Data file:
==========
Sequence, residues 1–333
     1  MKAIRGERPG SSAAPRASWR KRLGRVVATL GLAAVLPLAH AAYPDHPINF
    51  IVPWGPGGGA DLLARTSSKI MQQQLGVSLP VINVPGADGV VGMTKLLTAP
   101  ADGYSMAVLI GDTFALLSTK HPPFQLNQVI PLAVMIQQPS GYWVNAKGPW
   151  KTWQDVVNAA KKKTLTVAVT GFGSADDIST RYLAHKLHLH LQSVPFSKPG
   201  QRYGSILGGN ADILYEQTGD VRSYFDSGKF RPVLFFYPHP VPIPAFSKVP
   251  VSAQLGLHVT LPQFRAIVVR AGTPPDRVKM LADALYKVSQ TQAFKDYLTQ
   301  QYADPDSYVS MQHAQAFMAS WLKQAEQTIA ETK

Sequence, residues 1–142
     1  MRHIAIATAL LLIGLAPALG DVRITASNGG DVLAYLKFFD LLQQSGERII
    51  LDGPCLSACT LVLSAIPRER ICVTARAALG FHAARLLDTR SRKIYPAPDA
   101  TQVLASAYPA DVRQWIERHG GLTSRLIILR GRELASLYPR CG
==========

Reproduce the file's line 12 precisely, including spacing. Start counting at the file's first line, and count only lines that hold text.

   101  TQVLASAYPA DVRQWIERHG GLTSRLIILR GRELASLYPR CG